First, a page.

By now, many, if not most, San Diegans have become familiar with illegal street takeovers around the county, the sounds of squealing tires and smoke filling the air, often attended by dozens, sometimes of hundreds of onlookers.
What’s not so well known is the fact that the drivers who participate in the takeovers can have their cars seized by San Diego police. In fact, to date this year, SDPD has seized 34 cars, with affidavits filed for the seizure of 19 others.
Warning: Adult language. Bianka Fimbres shot this remarkable video last weekend while working on the 19th floor of a building near the intersection of Broadway and Pacific Coast Highway.
“These affidavits were filed in direct response to street racing’s stunt driving, and intersection takeovers,” San Diego police Lt. Adam Sharki told NBC 7 on Wednesday. “These affidavits were filed as a result of investigations after these events took place and vehicles were identified due to investigations. This is in addition to vehicles that were stopped at the scene/leaving the scene and cited for 23109 or 23103 (street racing or reckless driving) and impounded pursuant to those sections.”
Sharki said investigators have identified 172 “people/vehicles” involved in incidents this year “and we are working to hold every single one accountable.”
The crackdown began in December of last year, Sharki told NBC 7, and in that month, 20 affidavits were submitted, resulting in the seizure and impounding of an additional 15 cars.
NBC 7’s Dave Summers looked into starting stats concerning dangerous so-called “street takeovers.”
The street takeovers are often publicized in advance on social media, resulting in throngs of people standing around watching, with some having to dodge cars doing donuts at the last minute. At one such event last month in Mission Valley, a spectator was hit by a car.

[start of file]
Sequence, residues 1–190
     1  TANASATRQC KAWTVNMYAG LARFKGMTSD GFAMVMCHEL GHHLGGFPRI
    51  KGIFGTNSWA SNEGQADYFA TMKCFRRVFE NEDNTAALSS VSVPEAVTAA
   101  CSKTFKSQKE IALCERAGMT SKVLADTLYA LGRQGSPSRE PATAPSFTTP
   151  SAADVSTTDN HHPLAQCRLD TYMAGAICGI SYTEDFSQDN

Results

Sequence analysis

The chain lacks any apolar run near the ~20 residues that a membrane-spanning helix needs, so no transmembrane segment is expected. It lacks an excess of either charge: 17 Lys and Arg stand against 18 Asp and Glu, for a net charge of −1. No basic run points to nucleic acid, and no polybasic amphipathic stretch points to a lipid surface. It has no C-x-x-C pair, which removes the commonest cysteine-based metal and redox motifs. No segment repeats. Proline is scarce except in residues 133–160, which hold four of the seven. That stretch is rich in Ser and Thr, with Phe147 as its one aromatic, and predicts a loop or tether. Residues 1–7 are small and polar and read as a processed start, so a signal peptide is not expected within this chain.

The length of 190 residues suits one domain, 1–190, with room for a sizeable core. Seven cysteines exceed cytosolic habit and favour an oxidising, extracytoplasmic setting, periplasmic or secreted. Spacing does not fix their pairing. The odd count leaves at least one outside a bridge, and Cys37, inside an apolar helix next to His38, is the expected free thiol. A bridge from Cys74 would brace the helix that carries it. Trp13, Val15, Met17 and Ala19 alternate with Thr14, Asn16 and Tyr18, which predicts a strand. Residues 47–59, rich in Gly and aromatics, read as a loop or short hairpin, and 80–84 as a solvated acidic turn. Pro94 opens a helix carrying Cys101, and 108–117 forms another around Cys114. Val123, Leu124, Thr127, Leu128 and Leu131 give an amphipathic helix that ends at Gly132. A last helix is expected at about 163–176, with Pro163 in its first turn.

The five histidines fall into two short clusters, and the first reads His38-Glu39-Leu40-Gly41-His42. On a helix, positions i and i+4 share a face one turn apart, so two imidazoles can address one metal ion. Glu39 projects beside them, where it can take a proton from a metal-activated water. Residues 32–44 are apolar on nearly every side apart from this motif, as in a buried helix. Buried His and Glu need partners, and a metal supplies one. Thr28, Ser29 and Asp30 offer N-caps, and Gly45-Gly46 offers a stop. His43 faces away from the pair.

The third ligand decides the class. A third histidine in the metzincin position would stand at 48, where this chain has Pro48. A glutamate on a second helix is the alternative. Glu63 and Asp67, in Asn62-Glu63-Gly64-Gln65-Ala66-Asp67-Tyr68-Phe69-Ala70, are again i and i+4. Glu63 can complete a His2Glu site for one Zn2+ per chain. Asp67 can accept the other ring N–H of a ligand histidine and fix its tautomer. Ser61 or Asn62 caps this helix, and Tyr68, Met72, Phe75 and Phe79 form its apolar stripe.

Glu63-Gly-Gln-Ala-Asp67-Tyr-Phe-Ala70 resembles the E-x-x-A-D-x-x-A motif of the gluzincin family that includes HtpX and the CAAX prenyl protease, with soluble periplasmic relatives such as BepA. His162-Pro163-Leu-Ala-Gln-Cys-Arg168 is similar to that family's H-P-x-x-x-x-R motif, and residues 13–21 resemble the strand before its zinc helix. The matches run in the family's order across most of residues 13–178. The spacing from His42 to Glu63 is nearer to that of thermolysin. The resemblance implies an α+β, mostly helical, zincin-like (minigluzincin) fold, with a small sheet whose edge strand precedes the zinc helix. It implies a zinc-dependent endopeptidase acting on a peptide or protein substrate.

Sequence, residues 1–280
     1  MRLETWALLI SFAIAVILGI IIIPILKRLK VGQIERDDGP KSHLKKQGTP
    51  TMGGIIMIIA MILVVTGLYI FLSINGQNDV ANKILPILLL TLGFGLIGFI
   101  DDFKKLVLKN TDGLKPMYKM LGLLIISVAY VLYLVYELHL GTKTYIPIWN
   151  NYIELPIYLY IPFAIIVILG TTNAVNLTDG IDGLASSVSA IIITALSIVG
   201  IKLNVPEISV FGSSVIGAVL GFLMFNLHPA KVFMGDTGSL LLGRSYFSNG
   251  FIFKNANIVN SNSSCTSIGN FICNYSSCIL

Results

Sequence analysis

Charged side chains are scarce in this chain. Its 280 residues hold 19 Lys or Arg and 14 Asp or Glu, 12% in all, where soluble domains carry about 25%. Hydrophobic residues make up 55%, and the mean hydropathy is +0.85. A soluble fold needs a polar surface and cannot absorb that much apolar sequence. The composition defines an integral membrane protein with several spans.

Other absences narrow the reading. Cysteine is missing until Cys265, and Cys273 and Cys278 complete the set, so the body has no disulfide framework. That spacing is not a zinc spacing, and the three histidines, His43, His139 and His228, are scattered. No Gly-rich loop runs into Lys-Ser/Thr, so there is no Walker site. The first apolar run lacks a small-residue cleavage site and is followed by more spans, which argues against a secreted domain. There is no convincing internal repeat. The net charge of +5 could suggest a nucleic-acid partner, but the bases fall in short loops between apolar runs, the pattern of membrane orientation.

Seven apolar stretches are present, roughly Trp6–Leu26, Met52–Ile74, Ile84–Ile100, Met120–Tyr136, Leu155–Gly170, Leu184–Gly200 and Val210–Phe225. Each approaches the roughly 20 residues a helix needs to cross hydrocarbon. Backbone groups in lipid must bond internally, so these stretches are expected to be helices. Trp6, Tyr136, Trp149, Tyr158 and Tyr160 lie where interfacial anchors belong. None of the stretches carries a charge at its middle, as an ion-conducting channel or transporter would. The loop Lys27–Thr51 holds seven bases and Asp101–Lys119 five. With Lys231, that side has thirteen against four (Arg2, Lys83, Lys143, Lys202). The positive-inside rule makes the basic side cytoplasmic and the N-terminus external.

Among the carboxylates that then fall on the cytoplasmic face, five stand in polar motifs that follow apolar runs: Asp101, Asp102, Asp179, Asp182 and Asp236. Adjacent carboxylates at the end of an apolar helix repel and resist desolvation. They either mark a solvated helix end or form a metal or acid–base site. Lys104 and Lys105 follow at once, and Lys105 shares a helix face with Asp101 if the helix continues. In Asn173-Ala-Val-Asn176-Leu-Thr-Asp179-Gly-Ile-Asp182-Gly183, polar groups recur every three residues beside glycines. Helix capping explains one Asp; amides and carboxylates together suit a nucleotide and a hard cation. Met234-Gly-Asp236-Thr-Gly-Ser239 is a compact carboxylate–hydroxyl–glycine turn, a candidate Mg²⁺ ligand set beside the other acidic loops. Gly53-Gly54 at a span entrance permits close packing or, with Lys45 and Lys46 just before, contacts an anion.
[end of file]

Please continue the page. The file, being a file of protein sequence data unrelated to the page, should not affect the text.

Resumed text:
The intersection of Camino de la Reina and Hotel Circle became a dangerous spectacle at about 7:15 pm on May 29, when at least 50 vehicles blocked the intersection. Video captured at least one car doing stunts in the middle of the street as onlookers surrounded the area, watching as tires screeched.
Police said at least one spectator at that intersection was hit by a car. The individual got up and ran off, so the severity of their injuries was unclear.
Another incident in April took place at the foot of Broadway, where it intersects with the Pacific Coast Highway, which was also the site of a similar incident last July. According to Bianka Fimbres, who shot video of the takeover and shared it with NBC 7, the incident lasted at least 20 minutes she was aware of prior to harbor police officers arriving at the scene.
“I don’t think any of these people understand the ripple effects of what their actions cause,” Heather Crichton told NBC 7’s Joe Little.
On the night of June 5, a dog scared by a takeover at 30th Street and Madison Avenue in North Park ran onto Interstate 805 and was killed by a car, its North Park owner said. Video taken by the woman showed hundreds of people standing around the intersection. Some people stood inside the circling cars. with at least one person setting off fireworks.
Both drivers and spectators and spectators at takeovers can be criminally charged.
“Being a spectator [at such an event] is a misdemeanor under the municipal code,” Sharki told NBC 7 in April via email, adding that people who do so can get up to six months in jail and a fine of $1,000, as can the owners or operators of the vehicles involved.
Sharki said on Wednesday that the takeover seizure program is “part of the larger strategy to prevent, mitigate, and respond to these events.” He added that there are other affidavits/seizures pending.